Indepth Arts News: |
2000-02-12 until 2000-05-28
Kiasma, Museum of Contemporary Art
There is no doubt about the significance of the computer as a present day meta-technology, and as an economic, ideological, psychological as well as a social factor. The computer has come to dominate our mental landscapes in an amazingly encompassing way. Judging from most international events of contemporary art one might, however, get the impression that artists have shown little interest towards the computer, at least before the breakthrough of the Internet in the mid 1990's. Could it really be so that contemporary artists, while otherwise detecting cultural changes so sensitively, hadn't paid any attention to the computer, except quite recentlyNULL Or could this really be an illusion, caused by a distorted point of viewNULL
As I began to investigate the issue I soon found out that the aesthetic possibilities of computers have been explored quite extensively, often more or less in pace with the development of the computer itself. This has, however, mostly taken place outside or in the margin of the established art institutions. The computer has encountered -- and still encounters -- resistance from the art world. There is a need to make the history of computer art, spanning nearly a century, visible. Unfortunately, The computer as experienced and interpreted by artists proved to be too massive as a theme for the present exhibition.
I gave up the idea of a historical retrospective and decided to concentrate on contemporary art. I found artists, who not only use the computer in interesting and creative ways, but also deal with its history and cultural interpretations by means of their artworks. A meta-art about the computer and its cultural role is emerging; the meanings it generates switch constantly between the past, the present and the future. Such art is far from being something exclusive and thinly theoretical, art of the engineer appealing only to the enthusiasts dedicated to the inner life of the computer. On the contrary - to enjoy these works, one does not have to know how to program, or even how to use the computer or the Internet. In fact, it is possible to deal with the cultural role of the computer even without a computer, by means of plastic lunchboxes or a floor mosaic!
The artists I have chosen deal with related questions. What kind of a role has the computer acquired in our experiencesNULL Are we still capable of leaving its company whenever we wish, or have we become captives of its magic spellNULL What kind of fantasies and notions do we project to the computer while using itNULL Do we consider the computer merely a cold piece of hardware, a tool, an extention of our hands and brainsNULL Or do we conceive it as a living creature or a partner, in some sense like usNULL Is it a lively, yet a passive digital mirrorNULL Could the computer be developing, on certain levels at least, into an autonomous entity, independent of our willNULL In other words, are we witnessing the formation of an alien intelligence - in some sense like us, in another completely different, alienNULL What would such an alien intelligence be like, and how would communicating with it affect our identities and ways of conceiving the worldNULL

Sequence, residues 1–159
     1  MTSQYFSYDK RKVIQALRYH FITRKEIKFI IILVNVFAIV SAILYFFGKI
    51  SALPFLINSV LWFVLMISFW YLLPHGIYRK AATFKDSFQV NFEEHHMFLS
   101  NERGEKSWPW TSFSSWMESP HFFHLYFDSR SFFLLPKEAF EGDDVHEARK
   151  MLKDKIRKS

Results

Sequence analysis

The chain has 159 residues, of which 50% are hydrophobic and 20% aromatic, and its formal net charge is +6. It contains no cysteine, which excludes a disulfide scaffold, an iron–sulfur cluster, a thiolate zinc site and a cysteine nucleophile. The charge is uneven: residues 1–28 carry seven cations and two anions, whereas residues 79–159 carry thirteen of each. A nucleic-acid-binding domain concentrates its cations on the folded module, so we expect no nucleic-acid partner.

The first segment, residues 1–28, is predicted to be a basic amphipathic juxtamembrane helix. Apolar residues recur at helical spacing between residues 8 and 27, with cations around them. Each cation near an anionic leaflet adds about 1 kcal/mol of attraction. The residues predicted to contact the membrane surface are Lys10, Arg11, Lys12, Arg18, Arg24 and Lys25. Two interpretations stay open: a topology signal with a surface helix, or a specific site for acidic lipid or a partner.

Thus the guiding idea of the exhibition became the computer as the locus of a new kind of intelligence or consciousness - whether real, imaginary, pretended or metaphorical. I explored what are -- or rather, how we have imagined, imagine, and will imagine -- these strange creatures with whom we spend more and more of our time. The main role was of course reserved to the artworks, but to accompany them I decided to put together a media-archaeological gallery, consisting of authentic historical artifacts from the early 19th century until the late 20th, exhibited as found objects. The aim of this gallery is not to pre-empt the artworks of their potential meanings; rather, I wanted to create a polylogue between the achievements from different eras, between art and other domains of creativity and naturally between the exhibition itself and the visitors.
The first generation that has grown up with personal computers and game consoles from its earliest childhood has already come of age. For this generation communicating with the computer is as self-evident as watching television for those born in the 1960's. There is another generation already growing up; for its members the idea of a world without the WorldWideWeb or a PlayStation would feel unreal. This situation is rapidly creating a new basis for the development of computer-based art, but also a need for the re-evaluation of what has been achieved so far. The computer is the most important media machine of the new Millenium; yet is roots lie deep in the soil of the century which has just ended. This is why computer art is such an appropriate choice for Kiasma to welcome the 21. century.
January 27, 2000